The Lost art of Listening
I found this blog post by Dan Freidman and thought it was relevant.
While out on a hiking trip this past weekend, I took the time to simply listen to nature. For several minutes, not a single device of modern technology could be heard. It was truly music to the ears. Listening, truly listening, seems to be a lost art. When was the last time you sat down and listened to an album? I don’t mean casually, with the music playing in the background as you perform other tasks. I mean sitting down in front of some speakers, or putting on headphones, and simply listening.
I’ve been around many younger people lately, high school and college age, and they just don’t listen. I’m not talking about, “Hey, pick those clothes up off the floor and put them away”… and they don’t do it, kind of listening (although that is certainly an issue as well). I’m talking about truly using their ears and hearing the world around them.
This isn’t limited to young people. When teaching home studio classes (mostly to adults), I’m often asked, “How do you know which (whatever piece of gear) sounds better?” The answer is, “In order to know, you have to listen and compare.”
This isn’t entirely the fault of today’s typical listener. Tiny and inefficient speakers have become common place, whether they be in earbuds, computers or television. These are all truly terrible devices for critical listening and are barely good enough for simple enjoyment of listening. Then of course, there is the MP3 format. Listening to an MP3 of a song and then listening to that same song on a record or CD (on decent speakers and in a decent environment) is a truly ear-opening experience. Again, if you haven’t listened and compared them, you can’t know.
It’s like the old aphorism: You have two ears and one mouth to remind you to use your ears twice as much.
Which brings us to voice overs. I’ve often said that listening is more important than speaking.The best voice over coach is your ears. But, in order for your ears to guide you properly, you must train them … by using them. Take the time to open your ears when listening to commercials, audio books — in fact, any voice over you hear. Ask yourself, “What do I hear?” Is the delivery speaking to you? Why? What words are emphasized and how? How does it sound? Harsh and edgy? Dull and muddy?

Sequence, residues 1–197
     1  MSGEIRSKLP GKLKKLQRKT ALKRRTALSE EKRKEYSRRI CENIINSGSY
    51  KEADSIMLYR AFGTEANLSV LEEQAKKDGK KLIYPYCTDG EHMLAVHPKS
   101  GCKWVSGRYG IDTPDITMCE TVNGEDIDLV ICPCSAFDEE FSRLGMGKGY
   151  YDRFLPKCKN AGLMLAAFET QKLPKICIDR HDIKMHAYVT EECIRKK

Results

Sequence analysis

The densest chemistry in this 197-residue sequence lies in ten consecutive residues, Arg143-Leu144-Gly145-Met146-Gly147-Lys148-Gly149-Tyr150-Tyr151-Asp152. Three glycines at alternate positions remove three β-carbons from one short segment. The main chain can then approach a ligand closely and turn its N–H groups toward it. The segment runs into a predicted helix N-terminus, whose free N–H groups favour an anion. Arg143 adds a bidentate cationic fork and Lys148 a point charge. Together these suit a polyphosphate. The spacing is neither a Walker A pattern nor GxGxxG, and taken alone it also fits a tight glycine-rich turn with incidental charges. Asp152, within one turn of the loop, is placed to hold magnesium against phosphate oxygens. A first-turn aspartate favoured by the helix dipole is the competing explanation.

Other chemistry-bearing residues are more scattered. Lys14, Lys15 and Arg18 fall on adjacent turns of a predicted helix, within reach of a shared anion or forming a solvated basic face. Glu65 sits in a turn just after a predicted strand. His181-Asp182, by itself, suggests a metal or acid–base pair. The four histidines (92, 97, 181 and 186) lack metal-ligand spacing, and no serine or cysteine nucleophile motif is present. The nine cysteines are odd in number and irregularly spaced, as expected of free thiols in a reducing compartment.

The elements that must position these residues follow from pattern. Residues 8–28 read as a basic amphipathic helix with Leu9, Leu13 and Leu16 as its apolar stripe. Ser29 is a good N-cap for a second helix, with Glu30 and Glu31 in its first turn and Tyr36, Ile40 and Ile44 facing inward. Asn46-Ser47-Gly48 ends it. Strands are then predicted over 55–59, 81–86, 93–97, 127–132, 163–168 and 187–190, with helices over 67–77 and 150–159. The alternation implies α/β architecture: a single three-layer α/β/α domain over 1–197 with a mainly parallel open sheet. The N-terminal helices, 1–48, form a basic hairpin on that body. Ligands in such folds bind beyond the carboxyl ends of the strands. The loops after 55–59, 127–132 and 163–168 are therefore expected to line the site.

By the way, want to know what your studio sounds like? Record yourself and play the recording in your car. Mix engineers and musicians have been referencing their mixes in cars for years. It makes perfect sense; the car has traditionally been the place where we do most of our listening. Furthermore, modern cars are well-designed for sound.
Take the time to listen. Notice what you hear. Compare sounds, and learn what sounds good to you. It can be like opening a door to a world you barely knew existed. You’ll be surprised to discover the difference between what you think you hear … compared to what you actually hear.
That knowledge is a tool that will serve you well throughout your voice over career. And it will provide you with a lifetime of greater listening enjoyment.